Problems of Higher Education in Russia

12 December 2016

Problems of higher education in Russia Problems of higher education in Russia Due to its Soviet legacy, Russia has gained a reputation for having a well trained population and efficient educational system. The facts on the ground are obviously more ambiguous, however. The veritable “boom” of higher education and the good results of some well-known universities hide the more general fall of average performances and the devaluation of diplomas and deterioration of the quality of higher education.

Efforts to reform the system are meeting both structural constraints and corruption practices within the educational community. This makes a genuine assessment of Russian degrees difficult to achieve. In addition, the “privatization” of large sections of the education system has rendered the problem of inequality of access even more acute. Russia is in the process of migrating from its traditional tertiary education model, incompatible with existing Western academic degrees, to a modernized degree structure in line with Bologna Process model.

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Russia co-signed the Bologna Declaration in 2003. ) In October 2007 Russia enacted a law that replaces the traditional five-year model of education with a two-tiered approach: a four-year bachelor degree followed by a two-year master’s degree. The move has been criticized for its merely formal approach: instead of reshaping their curriculum, universities would simply insert a BSc/BA accreditation in the middle of their standard five or six-year programs.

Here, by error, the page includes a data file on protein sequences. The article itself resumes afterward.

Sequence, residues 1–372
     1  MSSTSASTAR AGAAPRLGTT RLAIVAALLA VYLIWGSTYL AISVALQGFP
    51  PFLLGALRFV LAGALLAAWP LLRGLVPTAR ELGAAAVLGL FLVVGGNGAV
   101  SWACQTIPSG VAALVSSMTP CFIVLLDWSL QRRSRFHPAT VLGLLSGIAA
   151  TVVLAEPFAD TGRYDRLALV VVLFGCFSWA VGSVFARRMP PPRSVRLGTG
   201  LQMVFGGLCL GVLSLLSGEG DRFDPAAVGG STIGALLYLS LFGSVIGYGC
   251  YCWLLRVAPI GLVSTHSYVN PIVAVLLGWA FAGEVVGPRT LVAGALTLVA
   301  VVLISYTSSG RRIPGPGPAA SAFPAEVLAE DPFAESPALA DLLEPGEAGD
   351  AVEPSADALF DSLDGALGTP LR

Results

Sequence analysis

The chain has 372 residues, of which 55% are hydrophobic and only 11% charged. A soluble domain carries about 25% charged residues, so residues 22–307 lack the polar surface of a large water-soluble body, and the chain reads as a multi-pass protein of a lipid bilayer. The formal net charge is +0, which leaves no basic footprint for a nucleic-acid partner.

The job market is generally unaware of the change and critics predict that a stand-alone BSc/BA diplomas will not be recognized as “real” university education in the foreseeable future, rendering the degree unnecessary and undesirable without further specialization. Student mobility among universities has been traditionally discouraged and thus kept at very low level; there are no signs that formal acceptance of Bologna process will help students seeking better education. Finally, while the five-year specialist training was previously free to all students, the new MSc/MA stage is not.

The shift forces students to pay for what was free to the previous class; the cost is unavoidable because the BSc/BA degree alone is considered useless. Defenders of Bologna process argue that the final years of the specialist program were formal and useless: academic schedules were relaxed and undemanding, allowing students to work elsewhere. Cutting the five-year specialist program to a four-year BSc/BA will not decrease the actual academic content of most of these programs. Problems of Higher education in the USA Universities are criticized that they use SATs results while admitting students.

In defense of using the examinations as criteria for admission, administrators say that the SATs provide a fair way for deciding whom to admit when they have ten or twelve applicants for every first-year student seat. The cost of higher education has grown too far and too fast, and that financial aid often does not end up in the hands of the truly needy students. Too many high school students are under-prepared for college; consequently, they fail to thrive and are less likely to learn the skills they need to get good jobs and lead quality lives.

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